A proposed reform to lift a 63-year-old ban on women buying alcohol and working in places that sell or manufacture liquor in Sri Lanka was overruled Sunday by President Maithripala Sirisena.
Speaking at a rally, Sirisena said he ordered the government to withdraw the motion, which would have granted women the same rights as men to buy alcohol and to work in bars without a state permit.
He claimed he found out about the reform through media sources after news of the move broke the wires on Wednesday.
The government had announced it would amend the 1979 law prohibiting the sale of any type of alcohol to women on the basis that it discriminated against women.
"The idea was to restore gender neutrality," one Sri Lankan told The French Press Agency.
Sirisena's announcement Sunday drew ire on social media. The president is in his third year in office and has been criticized for mixed messages on gender equality on the island of 21 million.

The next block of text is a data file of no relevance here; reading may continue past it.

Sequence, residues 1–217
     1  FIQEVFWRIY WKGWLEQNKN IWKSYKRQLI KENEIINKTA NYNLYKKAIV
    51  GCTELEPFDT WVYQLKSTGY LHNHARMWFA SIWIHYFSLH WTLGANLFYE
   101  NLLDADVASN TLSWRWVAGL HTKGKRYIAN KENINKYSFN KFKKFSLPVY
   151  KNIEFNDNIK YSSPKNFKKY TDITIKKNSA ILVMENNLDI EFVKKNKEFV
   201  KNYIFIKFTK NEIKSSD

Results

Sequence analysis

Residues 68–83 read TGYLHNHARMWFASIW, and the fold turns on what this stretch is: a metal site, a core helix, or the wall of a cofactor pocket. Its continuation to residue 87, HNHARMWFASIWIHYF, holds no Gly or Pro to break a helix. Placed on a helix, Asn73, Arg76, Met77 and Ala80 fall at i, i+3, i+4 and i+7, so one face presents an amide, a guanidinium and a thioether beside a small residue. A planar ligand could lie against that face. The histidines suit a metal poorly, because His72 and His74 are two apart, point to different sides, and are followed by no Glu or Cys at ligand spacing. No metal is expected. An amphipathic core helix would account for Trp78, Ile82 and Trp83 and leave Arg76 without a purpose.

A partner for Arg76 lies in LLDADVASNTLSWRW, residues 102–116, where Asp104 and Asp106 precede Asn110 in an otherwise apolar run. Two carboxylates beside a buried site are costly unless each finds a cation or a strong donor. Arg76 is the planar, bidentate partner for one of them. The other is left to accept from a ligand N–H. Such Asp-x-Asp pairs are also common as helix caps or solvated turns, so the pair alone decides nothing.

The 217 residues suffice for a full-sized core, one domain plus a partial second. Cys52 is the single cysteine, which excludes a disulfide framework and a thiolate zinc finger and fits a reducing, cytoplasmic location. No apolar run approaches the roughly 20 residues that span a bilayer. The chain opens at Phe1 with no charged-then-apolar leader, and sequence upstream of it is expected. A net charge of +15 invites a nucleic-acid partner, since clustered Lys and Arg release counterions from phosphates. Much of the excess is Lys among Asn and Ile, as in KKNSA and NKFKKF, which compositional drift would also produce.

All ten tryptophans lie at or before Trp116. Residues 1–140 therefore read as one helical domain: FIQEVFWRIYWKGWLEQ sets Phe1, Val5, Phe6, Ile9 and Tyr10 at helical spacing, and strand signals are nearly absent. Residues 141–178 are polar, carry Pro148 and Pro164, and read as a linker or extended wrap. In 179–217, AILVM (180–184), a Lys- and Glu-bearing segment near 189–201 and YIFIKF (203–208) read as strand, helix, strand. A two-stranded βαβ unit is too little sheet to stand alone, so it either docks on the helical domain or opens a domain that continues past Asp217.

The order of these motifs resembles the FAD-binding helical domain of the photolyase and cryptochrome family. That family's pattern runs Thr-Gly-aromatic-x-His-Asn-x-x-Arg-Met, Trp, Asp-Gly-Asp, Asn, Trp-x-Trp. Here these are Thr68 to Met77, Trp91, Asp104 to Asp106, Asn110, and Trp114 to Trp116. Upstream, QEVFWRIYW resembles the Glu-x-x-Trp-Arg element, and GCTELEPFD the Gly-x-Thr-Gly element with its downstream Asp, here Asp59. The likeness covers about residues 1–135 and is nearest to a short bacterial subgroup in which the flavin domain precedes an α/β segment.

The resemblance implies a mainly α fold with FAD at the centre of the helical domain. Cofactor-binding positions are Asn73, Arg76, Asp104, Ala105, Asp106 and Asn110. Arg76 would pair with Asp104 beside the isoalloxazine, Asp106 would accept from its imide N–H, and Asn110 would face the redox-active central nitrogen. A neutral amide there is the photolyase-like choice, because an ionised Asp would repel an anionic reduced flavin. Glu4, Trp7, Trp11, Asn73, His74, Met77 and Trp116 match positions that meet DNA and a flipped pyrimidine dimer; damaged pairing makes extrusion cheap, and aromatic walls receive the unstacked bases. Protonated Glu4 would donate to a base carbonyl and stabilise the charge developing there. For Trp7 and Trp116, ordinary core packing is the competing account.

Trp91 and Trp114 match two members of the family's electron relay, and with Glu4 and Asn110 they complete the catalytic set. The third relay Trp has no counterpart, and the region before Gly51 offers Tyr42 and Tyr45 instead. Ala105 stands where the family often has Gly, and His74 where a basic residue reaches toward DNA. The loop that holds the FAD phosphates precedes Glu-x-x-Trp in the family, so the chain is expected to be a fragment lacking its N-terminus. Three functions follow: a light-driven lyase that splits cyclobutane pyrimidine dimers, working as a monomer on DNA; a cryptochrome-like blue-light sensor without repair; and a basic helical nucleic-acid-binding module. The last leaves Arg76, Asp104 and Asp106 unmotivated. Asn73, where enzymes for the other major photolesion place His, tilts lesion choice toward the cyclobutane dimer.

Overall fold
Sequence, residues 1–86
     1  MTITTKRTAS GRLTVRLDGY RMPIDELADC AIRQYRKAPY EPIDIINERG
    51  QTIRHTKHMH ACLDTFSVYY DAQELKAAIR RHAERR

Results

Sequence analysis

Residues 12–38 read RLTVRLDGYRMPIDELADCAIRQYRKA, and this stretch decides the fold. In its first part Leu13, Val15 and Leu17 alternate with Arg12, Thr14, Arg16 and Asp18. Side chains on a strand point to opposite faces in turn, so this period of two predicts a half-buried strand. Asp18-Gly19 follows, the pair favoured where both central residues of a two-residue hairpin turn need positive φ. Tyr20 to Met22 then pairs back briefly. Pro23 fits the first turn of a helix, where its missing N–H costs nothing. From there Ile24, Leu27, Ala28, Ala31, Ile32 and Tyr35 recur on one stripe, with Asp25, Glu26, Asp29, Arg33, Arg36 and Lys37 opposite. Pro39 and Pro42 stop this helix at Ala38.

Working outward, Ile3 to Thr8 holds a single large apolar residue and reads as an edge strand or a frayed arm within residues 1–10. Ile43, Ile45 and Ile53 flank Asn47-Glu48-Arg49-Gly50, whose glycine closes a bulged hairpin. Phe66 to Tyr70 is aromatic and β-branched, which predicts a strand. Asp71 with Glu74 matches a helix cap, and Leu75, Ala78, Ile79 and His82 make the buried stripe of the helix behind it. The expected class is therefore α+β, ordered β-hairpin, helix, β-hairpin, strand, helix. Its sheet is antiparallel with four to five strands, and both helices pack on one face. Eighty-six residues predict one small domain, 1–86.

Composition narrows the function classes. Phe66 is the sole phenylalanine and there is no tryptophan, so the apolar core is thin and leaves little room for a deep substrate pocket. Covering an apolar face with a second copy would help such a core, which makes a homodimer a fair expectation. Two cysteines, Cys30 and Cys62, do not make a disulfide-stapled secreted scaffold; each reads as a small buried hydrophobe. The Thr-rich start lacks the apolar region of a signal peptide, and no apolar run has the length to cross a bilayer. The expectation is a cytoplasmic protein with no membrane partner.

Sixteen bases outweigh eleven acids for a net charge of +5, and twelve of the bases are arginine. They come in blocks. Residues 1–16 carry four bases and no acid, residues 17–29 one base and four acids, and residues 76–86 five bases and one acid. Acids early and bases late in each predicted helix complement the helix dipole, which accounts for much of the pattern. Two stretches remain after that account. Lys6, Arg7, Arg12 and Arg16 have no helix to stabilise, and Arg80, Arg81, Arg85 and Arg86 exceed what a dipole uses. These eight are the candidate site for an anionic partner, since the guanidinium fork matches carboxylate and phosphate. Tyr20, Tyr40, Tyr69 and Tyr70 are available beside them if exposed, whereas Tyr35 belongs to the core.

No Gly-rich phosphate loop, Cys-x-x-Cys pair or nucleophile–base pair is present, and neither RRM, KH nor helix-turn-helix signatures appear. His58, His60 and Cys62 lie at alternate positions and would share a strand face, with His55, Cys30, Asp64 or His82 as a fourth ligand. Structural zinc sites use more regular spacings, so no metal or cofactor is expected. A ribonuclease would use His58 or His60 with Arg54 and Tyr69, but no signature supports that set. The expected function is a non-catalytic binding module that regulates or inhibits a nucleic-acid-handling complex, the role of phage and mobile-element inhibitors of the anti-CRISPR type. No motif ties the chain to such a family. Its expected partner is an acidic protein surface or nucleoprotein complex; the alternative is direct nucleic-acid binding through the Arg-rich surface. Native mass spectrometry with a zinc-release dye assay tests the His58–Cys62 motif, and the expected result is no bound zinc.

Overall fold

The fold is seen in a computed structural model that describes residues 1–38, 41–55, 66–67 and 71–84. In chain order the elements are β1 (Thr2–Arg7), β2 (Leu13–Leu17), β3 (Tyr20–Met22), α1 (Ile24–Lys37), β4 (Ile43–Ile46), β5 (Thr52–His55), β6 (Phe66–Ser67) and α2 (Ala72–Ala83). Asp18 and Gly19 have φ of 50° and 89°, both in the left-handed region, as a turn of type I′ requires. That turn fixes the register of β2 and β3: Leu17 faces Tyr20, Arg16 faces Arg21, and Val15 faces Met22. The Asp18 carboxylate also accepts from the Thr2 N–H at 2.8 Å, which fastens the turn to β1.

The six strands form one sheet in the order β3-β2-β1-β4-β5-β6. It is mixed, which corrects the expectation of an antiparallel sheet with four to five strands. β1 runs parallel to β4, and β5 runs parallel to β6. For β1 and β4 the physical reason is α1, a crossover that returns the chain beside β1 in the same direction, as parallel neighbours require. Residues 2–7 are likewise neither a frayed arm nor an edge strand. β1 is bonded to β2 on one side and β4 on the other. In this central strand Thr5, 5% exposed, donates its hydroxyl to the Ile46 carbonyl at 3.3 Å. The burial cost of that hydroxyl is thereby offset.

Sirisena said Sunday his decision was based on criticism received after Wednesday's announcement.
Buddhist leadership in the country was opposed to lifting the ban, citing a destructive effect women's alcohol consumption would have on family culture.
The National Movement for Consumer Rights Protection accused the government of encouraging drinking.
Sirisena's announcement did not come as a surprise, in light of his anti-alcohol campaigns especially discouraging consumption by women.
Critics point to Sirisena's double standard, as he has boasted of efforts to involve more women in Sri Lanka's politics but seems set on keeping freedoms limited in aspects of social life.
You know it's bad for women in Sri Lanka when our Head of State- a man who regularly peddles "gender equality" on stage- thinks that men can make choices for us.— Duvindi Illankoon (@duvindi) January 14, 2018
And for anyone preparing to mock Sri Lankan women's outrage at being officially prohibited from buying alcohol, check your analysis. This is not just about this archaic sexist law but the archaic sexist system in which this law is just one more tool of control.— Subha W (@smwij88) January 14, 2018
Sri Lanka in its November budget unveiled steep tax hikes on hard liquor, but significantly reduced tariffs on wine and beer.
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